After nearly two decades in business, longtime Chelsea restaurant and bar The Half King has announced it will close at the end of January. In a statement on The Half King’s website, owners Scott Anderson, Nanette Burstein, and Sebastian Junger announced: THE HALF KING WILL BE CLOSING FOR GOOD AT THE END OF JANUARY, 2019.…
After nearly two decades in business, longtime Chelsea restaurant and barThe Half Kinghas announced it will close at the end of January. In a statement on The Half King’s website, owners Scott Anderson, Nanette Burstein, and Sebastian Junger announced:
THE HALF KING WILL BE CLOSING FOR GOOD AT THE END OF JANUARY, 2019. WE HAVE HAD 18 WONDERFUL YEARS IN THIS NEIGHBORHOOD BUT TIMES HAVE CHANGED AND WE CAN NO LONGER AVOID FINANCIAL REALITY. PLEASE VISIT US IN OUR FINAL WEEKS – EITHER SCOTT OR SEBASTIAN OR NANETTE WILL BE HERE MOST EVENINGS IN JANUARY. IT IS WITH VERY HEAVY HEARTS THAT WE BID YOU ALL GOODBYE…
The Half King opened on West 23rd Street in 2000, around the time the center of gravity for the NYC art gallery scene was fully shifting from SoHo and the East Village to Chelsea, which was still relatively desolate on its western edge. Named for ahistorically influential Seneca chief, The Half King became a regular gathering place for art world types, as well as filmmakers, reporters, and authors. (Anderson, Burstein, and Junger are journalists, authors and filmmakers.)
Junger, theauthor of several books and documentaries, said The Half King’s rent has increased three-fold since it opened. (He declined to provide an exact number.) And though the High Line has drawn hordes of tourists to the neighborhood since it wasturned into a parkin 2009, Junger believes the exodus of art galleries from Chelsea has diminished The Half King’s regular clientele.
“High rents in Chelsea seem to have collapsed the art gallery industry in the area, and once those businesses shut down, foot traffic dropped,” Junger told Gothamist in a phone interview Friday morning. “Compared to ten years ago, it’s a bit of a ghost town in that neighborhood. Red Catjust closed, Trestle on Tenth just closed. These are longstanding, very beloved restaurants that were full any time you walked by them. And even they are closing.”
Although High Line tourists gave The Half King some business during the day, Junger said “whatever they spent on lunch wasn’t enough to make up for the rent increases that the High Line triggered. The bar business is an evening trade—that’s when you make the bulk of your money—and even in the summer the High Line would shut down at ten or whatever. And in the winter, forget it.”
Junger acknowledged the challenges faced by The Half King are not unique to Chelsea.
“For a lot of restaurant businesses in New York, incredibly high rent and additional pressures of high payroll taxes and raising the minimum wage for people on the floor all combined made it possible for a restaurant that is busy every night, with every chair filled, to barely get by,” Junger said. “I think that’s true of a lot of places, and we’re no exception. I think there’s a larger problem in New York, but there’s sort of a micro-problem in Chelsea, after the galleries closed in that area, it turned into a ghost town.”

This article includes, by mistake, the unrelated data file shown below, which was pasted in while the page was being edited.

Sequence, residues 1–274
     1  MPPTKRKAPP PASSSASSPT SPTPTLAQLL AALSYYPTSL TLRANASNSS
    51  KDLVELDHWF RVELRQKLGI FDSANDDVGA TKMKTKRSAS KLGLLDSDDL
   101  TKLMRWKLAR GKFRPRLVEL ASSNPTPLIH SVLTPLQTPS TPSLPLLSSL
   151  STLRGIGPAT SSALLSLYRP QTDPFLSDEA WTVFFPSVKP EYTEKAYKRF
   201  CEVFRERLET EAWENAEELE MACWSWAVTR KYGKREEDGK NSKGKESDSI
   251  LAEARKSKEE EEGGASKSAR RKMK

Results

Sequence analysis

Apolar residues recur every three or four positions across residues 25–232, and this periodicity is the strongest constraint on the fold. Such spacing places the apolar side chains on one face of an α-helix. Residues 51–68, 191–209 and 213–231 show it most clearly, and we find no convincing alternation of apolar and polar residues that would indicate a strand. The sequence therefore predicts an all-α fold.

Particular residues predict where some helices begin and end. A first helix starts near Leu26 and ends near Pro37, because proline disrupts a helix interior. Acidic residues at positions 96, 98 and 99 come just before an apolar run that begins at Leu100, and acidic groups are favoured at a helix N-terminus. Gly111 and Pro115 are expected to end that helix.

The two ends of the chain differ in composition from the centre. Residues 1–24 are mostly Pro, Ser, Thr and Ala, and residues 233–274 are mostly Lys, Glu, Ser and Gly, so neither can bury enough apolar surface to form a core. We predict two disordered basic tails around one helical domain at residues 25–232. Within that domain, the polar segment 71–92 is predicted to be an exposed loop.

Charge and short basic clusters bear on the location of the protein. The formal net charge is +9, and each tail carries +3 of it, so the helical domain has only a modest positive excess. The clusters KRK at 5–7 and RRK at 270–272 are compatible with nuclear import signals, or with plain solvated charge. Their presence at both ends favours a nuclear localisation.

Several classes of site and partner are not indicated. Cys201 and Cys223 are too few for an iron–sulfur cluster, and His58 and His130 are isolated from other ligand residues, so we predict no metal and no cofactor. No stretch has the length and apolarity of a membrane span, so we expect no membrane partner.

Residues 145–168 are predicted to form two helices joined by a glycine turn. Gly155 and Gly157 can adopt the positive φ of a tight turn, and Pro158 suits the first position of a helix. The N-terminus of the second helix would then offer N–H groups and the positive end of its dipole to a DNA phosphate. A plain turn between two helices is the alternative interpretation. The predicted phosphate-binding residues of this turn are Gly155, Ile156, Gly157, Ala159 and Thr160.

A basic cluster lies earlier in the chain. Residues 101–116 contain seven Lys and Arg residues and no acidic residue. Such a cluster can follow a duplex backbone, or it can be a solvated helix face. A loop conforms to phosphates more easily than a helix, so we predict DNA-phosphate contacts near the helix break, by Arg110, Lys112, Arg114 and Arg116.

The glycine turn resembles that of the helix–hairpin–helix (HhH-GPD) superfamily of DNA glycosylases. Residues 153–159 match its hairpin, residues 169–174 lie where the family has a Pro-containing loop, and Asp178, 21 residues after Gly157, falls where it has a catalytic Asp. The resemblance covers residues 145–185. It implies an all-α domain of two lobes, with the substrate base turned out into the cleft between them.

Junger stressed The Half King isn’t being kicked out, and spoke highly of the building’s owner, Louie Sloves. (A call placed to Sloves this morning went unanswered.) Asked if rising rents in the area could be attributed to the expansion of Google and the tech industry, Junger declined to speculate.
“I’m not a real estate person,” Junger said. “Owning a gallery is sort of a marginal business, and once they’re in a neighborhood it becomes trendy and then they can’t survive the rents, and out they go. One of the reasons the galleries came is that businesses like ours came into the area around 2000. There was a gas station across the street and a car wash a block up. So we changed it, the galleries came in, and that all escalated the rent, and then the High Line finished it off. It asphyxiated itself, basically.”
In addition to serving food and drinks, The Half King was a regular home for author readings and a popular photography series. Glenn Raucher, who curates and hosts the reading events, is now looking for a new location. In an email, he called The Half King’s closure “an enormous blow.”
“From the start, Sebastian, Scott, and Nanette were utterly committed to authors and photographers being a part of the business,” Raucher wrote. “And they gave their curators and hosts incredible support, and of course the cachet of their accomplishments, so that writers coming here to present their work knew the very high standard that was set. And the staff of the Half King made running a series there a complete joy.”
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